|Vietnamese alphabet||phượng hoàng / phụng hoàng|
Fenghuang (simplified Chinese: 凤凰; traditional Chinese: 鳳凰) are mythological birds of East Asia that reign over all other birds. The males were originally called feng and the females huang but such a distinction of gender is often no longer made and they are blurred into a single feminine entity so that the bird can be paired with the Chinese dragon, which is traditionally deemed male.
The fenghuang is also called the "August Rooster" (simplified Chinese: 鹍鸡; traditional Chinese: 鶤雞; pinyin: kūnjī) since it sometimes takes the place of the Rooster in the Chinese zodiac. In the West, it is commonly called the Chinese phoenix or simply Phoenix, although mythological similarities with the Western phoenix are superficial.
A common depiction of fenghuang was of it attacking snakes with its talons and its wings spread. According to the Erya's chapter 17 Shiniao, fenghuang is made up of the beak of a rooster, the face of a swallow, the forehead of a fowl, the neck of a snake, the breast of a goose, the back of a tortoise, the hindquarters of a stag and the tail of a fish. Today, however, it is often described as a composite of many birds including the head of a golden pheasant, the body of a mandarin duck, the tail of a peacock, the legs of a crane, the mouth of a parrot, and the wings of a swallow.
The fenghuang's body symbolizes the celestial bodies: the head is the sky, the eyes are the sun, the back is the moon, the wings are the wind, the feet are the earth, and the tail is the planets. The fenghuang is said to have originated in the sun. Its body contain the five fundamental colors: black, white, red, yellow, and green. It sometimes carries scrolls or a box with sacred books. It is sometimes depicted with a fireball. It is sometimes depicted as having three legs. It is believed that the bird only appears in areas or places that are blessed with utmost peace and prosperity or happiness.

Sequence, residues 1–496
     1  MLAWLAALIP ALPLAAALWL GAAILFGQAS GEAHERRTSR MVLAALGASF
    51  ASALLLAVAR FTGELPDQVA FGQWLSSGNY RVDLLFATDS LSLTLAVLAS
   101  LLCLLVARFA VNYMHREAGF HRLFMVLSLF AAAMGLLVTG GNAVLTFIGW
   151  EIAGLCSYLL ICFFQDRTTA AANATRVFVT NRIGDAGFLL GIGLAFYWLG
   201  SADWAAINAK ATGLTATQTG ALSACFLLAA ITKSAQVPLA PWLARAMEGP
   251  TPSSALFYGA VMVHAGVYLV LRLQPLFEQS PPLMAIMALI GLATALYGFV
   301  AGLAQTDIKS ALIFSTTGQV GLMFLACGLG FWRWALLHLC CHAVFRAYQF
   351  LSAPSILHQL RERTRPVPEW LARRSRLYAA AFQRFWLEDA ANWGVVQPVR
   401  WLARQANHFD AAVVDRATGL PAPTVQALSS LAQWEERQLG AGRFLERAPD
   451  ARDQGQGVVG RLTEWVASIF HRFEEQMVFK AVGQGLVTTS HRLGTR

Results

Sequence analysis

Images of an ancient bird have appeared in China for over 8000 years, as earliest as the Hongshan neolithic period, on jade and pottery motifs, then appearing decorating bronze as well as jade figurines. Some believe they may have been a good-luck totem among eastern tribes of ancient China.
During the Han dynasty (2,200 years ago) two phoenixes, one a male (feng, 鳳) and the other a female (huang, 凰) were often shown together facing one other. Later, during the Yuan dynasty the two terms were merged to become fenghuang, but the "King of Birds" came to symbolize the empress when paired with a dragon as a dragon represented the emperor. From the Jiaqing era (1522–66) of the Qing dynasty onwards, a pair of phoenixes was differentiated by the tail feathers of the two birds, typically together forming a closed circle pattern—the male identified by five long serrated tail feathers or "filaments" (five being an odd, masculine, or yang number) and the female by what sometimes appears to be one but is in fact usually two curling or tendrilled tail feathers (two being an even, feminine, or yin number).
Also during this period, the fenghuang was used as a symbol representing the direction south. This was portrayed through a male and female facing each other. Their feathers were of the five fundamental colors: black, white, red, green, and yellow. These colors are said to represent Confucius' five virtues:
- Ren: the virtue of benevolence, charity, and humanity;
- Yi: honesty and uprightness; Yì may be broken down into zhong, doing one's best, conscientiousness, loyalty and shù: the virtue of reciprocity, altruism, consideration for others
- Zhi: knowledge
- Xin: faithfulness and integrity;
- Li: correct behavior, propriety, good manners, politeness, ceremony, worship.
The phoenix represented power sent from the heavens to the Empress. If a phoenix was used to decorate a house it symbolized that loyalty and honesty were in the people that lived there. Or alternatively, a phoenix only stays when the ruler is without darkness and corruption (政治清明).